For10 “a tzaddik lives by his faith,”

וביראת ה׳ לחיים

and by11 “the awe of G‑d [which leads] to life,”

וברשפי אש שלהבת אהבתו מחיים

and by12 the flashing and fiery sparks of his love [for G‑d, that is even greater] than life,

לכל בהן חיי רוחו [ונשמתו] כל ימי חלדו

investing in them — in his faith and awe and love — the life of his Ruach [13V.L.: and, moreover, of his Neshamah] throughout his life.

As the Alter Rebbe will soon say, disciples receive their influence from the soul-level of the tzaddik which is called Ruach. In addition, as explained in Likkutei Haggahot, those disciples who are also [as close as] children receive their influence from the higher soul-level called Neshamah.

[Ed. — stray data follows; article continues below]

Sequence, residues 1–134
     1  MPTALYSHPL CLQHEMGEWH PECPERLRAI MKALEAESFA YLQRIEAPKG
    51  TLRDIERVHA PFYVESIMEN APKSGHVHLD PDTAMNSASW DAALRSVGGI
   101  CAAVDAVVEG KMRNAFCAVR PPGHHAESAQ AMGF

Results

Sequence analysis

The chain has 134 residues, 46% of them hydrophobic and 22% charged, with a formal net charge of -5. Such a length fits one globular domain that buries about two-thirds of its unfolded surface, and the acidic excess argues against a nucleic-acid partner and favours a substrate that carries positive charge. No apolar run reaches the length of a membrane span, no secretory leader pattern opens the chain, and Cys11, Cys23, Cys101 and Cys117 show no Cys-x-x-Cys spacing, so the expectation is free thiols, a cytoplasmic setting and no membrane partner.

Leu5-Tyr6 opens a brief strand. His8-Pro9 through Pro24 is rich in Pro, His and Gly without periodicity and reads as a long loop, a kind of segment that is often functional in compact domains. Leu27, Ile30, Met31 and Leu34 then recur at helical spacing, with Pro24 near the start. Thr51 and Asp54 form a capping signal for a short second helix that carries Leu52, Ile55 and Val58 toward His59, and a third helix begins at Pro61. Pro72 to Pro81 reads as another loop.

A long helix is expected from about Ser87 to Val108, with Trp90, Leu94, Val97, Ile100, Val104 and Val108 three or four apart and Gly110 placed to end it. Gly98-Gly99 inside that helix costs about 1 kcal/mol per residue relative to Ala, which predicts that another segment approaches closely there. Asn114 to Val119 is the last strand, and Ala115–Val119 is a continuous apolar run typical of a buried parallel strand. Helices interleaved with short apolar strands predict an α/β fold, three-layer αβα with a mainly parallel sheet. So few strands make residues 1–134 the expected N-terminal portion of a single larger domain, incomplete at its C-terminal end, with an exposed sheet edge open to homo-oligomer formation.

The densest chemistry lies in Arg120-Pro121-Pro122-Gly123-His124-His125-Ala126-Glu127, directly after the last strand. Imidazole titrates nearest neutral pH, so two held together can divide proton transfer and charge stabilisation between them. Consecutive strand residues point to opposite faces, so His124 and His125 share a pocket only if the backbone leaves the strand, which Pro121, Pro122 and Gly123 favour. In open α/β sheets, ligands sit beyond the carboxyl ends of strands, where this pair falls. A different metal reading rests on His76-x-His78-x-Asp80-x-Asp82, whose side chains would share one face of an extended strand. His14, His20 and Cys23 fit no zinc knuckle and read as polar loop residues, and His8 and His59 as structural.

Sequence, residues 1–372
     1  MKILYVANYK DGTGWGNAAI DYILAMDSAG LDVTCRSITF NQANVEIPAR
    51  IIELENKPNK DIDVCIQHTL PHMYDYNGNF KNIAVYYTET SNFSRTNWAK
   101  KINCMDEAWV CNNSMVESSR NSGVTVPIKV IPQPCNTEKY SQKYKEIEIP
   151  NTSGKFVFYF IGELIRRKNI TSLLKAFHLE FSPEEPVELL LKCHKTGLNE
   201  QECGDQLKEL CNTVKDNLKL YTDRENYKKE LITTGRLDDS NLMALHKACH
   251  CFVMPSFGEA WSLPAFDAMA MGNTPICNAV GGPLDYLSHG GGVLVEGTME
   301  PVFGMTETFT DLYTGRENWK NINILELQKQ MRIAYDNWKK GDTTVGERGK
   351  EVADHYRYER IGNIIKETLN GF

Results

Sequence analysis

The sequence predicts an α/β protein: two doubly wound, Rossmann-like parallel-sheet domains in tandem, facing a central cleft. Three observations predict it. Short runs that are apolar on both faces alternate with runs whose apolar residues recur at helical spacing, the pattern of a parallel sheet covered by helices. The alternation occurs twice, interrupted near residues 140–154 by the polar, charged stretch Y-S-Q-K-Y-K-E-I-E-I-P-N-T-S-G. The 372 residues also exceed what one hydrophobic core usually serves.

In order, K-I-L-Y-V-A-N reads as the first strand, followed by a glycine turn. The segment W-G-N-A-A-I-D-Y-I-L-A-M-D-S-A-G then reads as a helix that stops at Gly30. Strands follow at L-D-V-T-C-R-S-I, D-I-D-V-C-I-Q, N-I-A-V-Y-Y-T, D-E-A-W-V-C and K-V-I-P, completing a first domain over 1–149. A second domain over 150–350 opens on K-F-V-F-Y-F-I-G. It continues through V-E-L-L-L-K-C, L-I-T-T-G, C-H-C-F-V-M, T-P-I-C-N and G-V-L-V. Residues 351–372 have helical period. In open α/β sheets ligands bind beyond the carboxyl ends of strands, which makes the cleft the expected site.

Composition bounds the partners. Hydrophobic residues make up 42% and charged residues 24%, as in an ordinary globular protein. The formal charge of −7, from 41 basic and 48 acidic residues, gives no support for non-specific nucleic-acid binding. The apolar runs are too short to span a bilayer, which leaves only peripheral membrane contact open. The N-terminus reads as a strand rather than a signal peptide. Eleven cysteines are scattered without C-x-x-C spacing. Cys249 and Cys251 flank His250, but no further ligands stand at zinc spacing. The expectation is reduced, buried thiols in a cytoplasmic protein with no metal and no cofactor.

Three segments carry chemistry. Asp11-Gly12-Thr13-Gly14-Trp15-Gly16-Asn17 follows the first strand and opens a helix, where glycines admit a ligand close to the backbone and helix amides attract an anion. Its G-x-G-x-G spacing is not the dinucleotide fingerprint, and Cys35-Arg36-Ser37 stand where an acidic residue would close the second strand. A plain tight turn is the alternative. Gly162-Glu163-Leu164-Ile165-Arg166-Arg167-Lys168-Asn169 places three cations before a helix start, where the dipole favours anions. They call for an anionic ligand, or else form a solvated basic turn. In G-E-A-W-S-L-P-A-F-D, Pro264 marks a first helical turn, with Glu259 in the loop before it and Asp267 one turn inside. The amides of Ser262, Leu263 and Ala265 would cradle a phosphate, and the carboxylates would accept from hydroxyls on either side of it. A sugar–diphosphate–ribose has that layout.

ויהי בהעלות ה׳ רוחו

When, at the time of his passing, G‑d elevates his Ruach

ונשמתו אליו יאסוף

and gathers up his soul unto Himself14

ויעלה בעילוי אחר עילוי, עד רום המעלות

and he ascends from one elevation to the next, to the very highest of levels,

שבק חיי רוחו

he [then] leaves over the life of his Ruach,

פעולתו אשר עבד בה לפנים בישראל

the deeds in which he has formerly labored with Israel, i.e., the faith, fear and love which he drew down to them from his Ruach,

On a less literal level, the Hebrew word lefanim (here translated “formerly”) can also be understood to mean “to the inwardness”; i.e., the tzaddik infused and integrated this faith, fear and love into the innermost core of his disciples, this being׳—

פעולת צדיק לחיים

“the labor of a tzaddik for life,”15